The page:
understand the value of lineage and honor? My family line would be
dishonored and our great wealth shamed if I were to waste the skill of
Shire flattery upon one such as you!"
Ûrd seemed slightly taken aback. He had not been expecting his
crowing to be challenged by another rooster this way. He considered the
facets of this argument about which he knew very little. "Your family
line... it has many jewels?"
"We have jewelry precious beyond anything you can make or
said Bilbo, pushing with the boasting tendencies of the Dwarves as best
he could. It felt awkward, but he bluffed for all he was worth.
"And fine, pure metals also. We have no need or desire of more than we
already possess. All of my line already hold their inheritance,
even while I yet live! And I have no lack. I was pressed into
seeing your work merely to report how it compares to others I've seen."
He tried to finish this with a haughty look, something difficult when
your adversary is taller than yourself; his chin felt stretched.
Ûrd looked indecisive and slightly confused. "You've already
given your jewels to your heirs? Foolishness! Your tomb will be
dark with no gems upon it unless you guard them. No one would do this."
"I have, and yet I stand before you with greater treasure than you can
ever hope to grasp. I am the Mathom-Wielder, the Poet Scribe of the
Hill! I have spoken to the Gaffer himself many times, and have
driven the Motley Treasure-Seekers from my land singlehanded! Those of
great strength have stood in my presence silent, as if turned to stone.
Across many leagues my name is known - your mere title of 'Royal
Jeweler' (while certainly quaint and honorable) cannot stand to mine.
You would do well to not turn my opinions away lest others think your
work was below my notice. I may uphold you for praise in the far
courts...or otherwise. If I speak well of you, perhaps they will listen
and your line will gain honor."
The Dwarf glowered but hesitated, warring with his pride of potentially
having his work known to the undefined Mighty and his lineage praised -
and his confusion over the titles that Bilbo spouted.
"But who are these in other lands you speak of? Not Dwarves, surely...
" His brow furrowed once more and he grimaced at his thoughts. "I
recall, you were said to have parlayed not only with Men but with Elves.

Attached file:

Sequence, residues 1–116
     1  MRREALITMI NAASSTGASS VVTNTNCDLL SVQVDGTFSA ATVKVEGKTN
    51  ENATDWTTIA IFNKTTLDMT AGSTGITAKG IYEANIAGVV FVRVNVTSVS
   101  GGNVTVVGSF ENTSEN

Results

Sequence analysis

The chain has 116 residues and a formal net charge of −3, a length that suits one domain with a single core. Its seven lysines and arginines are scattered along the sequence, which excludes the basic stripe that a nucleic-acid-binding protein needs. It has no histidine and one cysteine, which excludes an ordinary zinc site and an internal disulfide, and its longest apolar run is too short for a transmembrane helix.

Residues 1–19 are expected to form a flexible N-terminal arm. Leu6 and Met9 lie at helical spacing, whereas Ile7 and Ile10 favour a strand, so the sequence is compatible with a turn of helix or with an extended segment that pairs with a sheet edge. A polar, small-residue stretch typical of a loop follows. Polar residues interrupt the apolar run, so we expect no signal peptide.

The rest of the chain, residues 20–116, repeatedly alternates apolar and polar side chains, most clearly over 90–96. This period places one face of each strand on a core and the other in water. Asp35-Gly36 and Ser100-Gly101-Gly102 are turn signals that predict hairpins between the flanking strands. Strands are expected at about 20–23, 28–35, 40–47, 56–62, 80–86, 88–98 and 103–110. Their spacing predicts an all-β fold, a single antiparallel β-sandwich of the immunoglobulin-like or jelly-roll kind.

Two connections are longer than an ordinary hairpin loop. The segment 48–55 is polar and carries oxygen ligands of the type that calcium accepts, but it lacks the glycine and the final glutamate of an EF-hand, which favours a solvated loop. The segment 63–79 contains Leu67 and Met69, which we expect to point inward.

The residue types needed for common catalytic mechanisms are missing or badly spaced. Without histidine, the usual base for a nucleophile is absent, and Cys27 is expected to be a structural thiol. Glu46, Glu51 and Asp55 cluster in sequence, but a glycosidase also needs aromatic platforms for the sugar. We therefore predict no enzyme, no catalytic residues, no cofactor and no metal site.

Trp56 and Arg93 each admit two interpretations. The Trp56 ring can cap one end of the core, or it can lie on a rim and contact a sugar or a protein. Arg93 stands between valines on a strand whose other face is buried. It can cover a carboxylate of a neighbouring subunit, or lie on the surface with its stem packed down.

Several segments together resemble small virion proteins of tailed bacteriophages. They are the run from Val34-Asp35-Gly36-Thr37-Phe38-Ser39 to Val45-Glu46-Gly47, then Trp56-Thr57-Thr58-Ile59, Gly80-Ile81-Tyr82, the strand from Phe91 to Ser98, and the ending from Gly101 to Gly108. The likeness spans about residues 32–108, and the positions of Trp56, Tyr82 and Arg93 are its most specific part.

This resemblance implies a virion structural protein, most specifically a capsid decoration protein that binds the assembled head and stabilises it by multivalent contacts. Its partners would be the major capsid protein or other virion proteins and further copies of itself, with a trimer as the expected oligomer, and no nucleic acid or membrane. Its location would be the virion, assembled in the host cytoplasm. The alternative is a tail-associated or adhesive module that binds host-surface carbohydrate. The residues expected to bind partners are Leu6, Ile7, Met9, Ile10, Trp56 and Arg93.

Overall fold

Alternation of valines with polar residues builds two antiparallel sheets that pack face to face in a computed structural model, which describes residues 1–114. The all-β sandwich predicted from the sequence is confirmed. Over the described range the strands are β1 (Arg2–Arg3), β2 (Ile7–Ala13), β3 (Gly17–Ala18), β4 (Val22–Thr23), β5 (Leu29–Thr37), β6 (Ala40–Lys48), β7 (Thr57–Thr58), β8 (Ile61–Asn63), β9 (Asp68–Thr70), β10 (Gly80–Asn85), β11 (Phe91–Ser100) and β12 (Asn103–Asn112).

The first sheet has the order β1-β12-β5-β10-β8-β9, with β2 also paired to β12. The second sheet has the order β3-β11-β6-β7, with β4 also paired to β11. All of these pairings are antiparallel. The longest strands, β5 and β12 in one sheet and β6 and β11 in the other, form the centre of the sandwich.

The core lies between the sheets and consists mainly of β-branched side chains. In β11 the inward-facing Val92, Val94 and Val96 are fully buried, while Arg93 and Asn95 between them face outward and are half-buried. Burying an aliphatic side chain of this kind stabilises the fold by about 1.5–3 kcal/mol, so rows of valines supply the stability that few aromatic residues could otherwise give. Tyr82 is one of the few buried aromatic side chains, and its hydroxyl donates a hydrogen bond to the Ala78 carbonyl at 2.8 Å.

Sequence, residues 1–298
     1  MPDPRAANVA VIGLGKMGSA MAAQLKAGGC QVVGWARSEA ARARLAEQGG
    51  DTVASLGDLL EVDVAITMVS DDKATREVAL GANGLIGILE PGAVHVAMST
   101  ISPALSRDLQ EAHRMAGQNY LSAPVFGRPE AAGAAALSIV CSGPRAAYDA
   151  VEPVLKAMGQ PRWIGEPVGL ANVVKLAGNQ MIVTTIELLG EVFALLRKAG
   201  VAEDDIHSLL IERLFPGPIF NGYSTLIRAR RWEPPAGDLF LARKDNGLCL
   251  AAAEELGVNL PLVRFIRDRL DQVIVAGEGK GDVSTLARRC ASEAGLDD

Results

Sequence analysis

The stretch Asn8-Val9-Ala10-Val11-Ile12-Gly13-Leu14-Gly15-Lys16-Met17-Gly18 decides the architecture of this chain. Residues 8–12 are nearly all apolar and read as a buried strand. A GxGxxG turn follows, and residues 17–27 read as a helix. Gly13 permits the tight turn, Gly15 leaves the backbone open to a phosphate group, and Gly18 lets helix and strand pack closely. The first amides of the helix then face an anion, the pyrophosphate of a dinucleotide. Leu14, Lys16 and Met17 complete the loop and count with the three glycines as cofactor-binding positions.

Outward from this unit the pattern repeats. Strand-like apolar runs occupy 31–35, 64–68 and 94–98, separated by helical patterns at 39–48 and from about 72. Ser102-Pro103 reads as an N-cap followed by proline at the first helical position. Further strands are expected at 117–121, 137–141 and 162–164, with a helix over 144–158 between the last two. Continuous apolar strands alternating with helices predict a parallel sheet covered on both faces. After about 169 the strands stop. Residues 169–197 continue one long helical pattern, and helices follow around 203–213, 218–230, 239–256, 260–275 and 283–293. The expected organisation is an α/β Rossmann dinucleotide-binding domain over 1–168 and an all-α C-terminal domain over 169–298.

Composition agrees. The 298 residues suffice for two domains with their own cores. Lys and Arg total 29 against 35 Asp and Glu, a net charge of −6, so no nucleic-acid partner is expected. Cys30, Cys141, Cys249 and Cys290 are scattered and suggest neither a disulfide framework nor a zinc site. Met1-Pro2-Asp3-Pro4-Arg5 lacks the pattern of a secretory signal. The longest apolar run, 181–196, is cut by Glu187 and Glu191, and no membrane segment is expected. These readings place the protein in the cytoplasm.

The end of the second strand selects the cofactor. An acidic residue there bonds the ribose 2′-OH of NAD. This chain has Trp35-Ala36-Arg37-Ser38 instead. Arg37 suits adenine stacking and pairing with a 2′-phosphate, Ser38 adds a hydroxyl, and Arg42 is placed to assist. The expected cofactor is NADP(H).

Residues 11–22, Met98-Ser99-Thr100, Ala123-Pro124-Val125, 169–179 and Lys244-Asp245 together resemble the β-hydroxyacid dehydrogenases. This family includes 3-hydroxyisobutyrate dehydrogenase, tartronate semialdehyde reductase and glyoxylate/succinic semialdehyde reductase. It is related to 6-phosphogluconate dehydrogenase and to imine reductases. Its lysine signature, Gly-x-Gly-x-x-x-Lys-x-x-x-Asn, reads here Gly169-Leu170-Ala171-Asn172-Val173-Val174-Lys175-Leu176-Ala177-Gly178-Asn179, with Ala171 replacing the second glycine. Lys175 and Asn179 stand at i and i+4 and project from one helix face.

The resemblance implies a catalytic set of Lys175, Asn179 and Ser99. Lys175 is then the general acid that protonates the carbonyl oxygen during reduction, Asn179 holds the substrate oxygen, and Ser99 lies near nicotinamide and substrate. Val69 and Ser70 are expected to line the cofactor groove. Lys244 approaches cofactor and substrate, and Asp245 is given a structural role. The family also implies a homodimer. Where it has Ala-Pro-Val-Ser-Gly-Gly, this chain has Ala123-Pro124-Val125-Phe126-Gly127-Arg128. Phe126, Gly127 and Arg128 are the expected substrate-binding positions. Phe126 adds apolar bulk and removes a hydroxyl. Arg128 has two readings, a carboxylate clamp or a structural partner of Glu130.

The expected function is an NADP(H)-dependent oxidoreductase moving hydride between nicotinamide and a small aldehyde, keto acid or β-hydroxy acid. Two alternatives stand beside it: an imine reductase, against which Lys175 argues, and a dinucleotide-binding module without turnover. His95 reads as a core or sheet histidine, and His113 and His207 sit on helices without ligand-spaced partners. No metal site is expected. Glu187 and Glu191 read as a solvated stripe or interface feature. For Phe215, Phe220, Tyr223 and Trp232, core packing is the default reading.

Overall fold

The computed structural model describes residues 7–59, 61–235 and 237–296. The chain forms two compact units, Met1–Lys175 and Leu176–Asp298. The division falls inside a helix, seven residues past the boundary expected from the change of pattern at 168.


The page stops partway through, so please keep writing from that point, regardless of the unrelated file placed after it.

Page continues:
My work shall stand alone. I will not have it compared to
any holebits work, nor any Elves trinkets! And I have gems
you have seen."
"Hobbits," emphasized Bilbo. "And seeing as you don't want to
it, I shan't tell you what I think of it. I'll only speak to those who
want my opinions on what I see, those who do not insult the
honor of my house. My honesty and integrity are insulted by your
distrust, but I am honorable enough to overlook it this one time.
Great would be the honor when your name is spoken of in the far lands!
may yet speak favorably of you if the work passes muster." He tried to
look as puffed up and stern as he could without the benefit of a beard.
"If you would but let us in, just for a moment...." offered Bifur.
Bifur meant well, but his quiet pleading was ill-timed. The distraction
of pride to win their way in, all of the careful tension Bilbo had been
trying to build was abruptly slackened, like a sail turned and left
limp in the wind.
Ûrd looked at Bifur as if he had only just now been reminded the
others were there. He looked at Bilbo again, then turned from him and
faced his fellow Dwarves squarely. "Bring the King himself and enter. I
will not allow it otherwise."
He stepped back and began to swing the oaken door shut.
"Wait...!" appealed Bofur.
"No," said Bilbo, being sure he was loud enough to be heard. "Let him
go. I've no use for his work or his paltry gems. Take me to the
treasuries now, as the King commanded." He turned on his heel and
marched off, chin held high. He hoped he was going the right direction.
Bofur and Bifur just looked at him then followed their smaller,
Once they were around a bend in the hall, Bilbo stopped and turned to
his friends. He raised his brows at their questioning looks.
"Well. Asking, demanding, bluffing and boasting didn't work. Does this
place of his have a back door?"
"You were marvelous," said Bifur. "I had no idea you had that in you.
What's a Gaffer?"
"My gardener. And didn't you?" said Bilbo. "I seem to remember being
asked to walk down a certain tunnel... by myself I must add..."
"A good point," laughed Bifur softly. "You surprised us then too."
"There's always a back way," said Bofur in answer to his first
question. "But it would be hidden of course."
"So how do I find it?" asked Bilbo. "Is there something I should look
"They're concealed...You think we could get in that way?"
"Not all of us. Too noticeable. Leave it to me and I'll do what I can.
What do I look for?"
"What if you get caught?"
"I'll tell them I was lost and behave as if I know absolutely nothing
about anything. I shall be an absolute fool if I have to. Most
Dwarves easily believe that of me, it seems."
"You're no fool," said Bifur. "So let's give it a try. But if it's not
working, promise you'll come back to us straightaway. We'll wait in the
dining hall. You know where that is from here?"
"Yes, just that way." he pointed. "Now the two of you need to be
decoys. You go back towards Ûrd's, but talk as if you are
addressing me. Walk close together. He should have his door shut but
his ear may be on the sill. And you still haven't told me what to look
They hesitated. He knew that distrustful dwarven look.
"Bifur, Bofur - look, it's me, Bilbo. Not some stranger. I'm
to help you recover a treasure for Thorin, remember? Help me out here.
I won't tell anyone else. Trust me."
They blinked and looked uncomfortable. Bifur started reluctantly "A...
well, they're different.... they're...."
"A crack, a stone that projects out just a little... an
irregularity..." added his brother.
"You may have to tap it..." Each detail was dragged out as if from
under a great weight.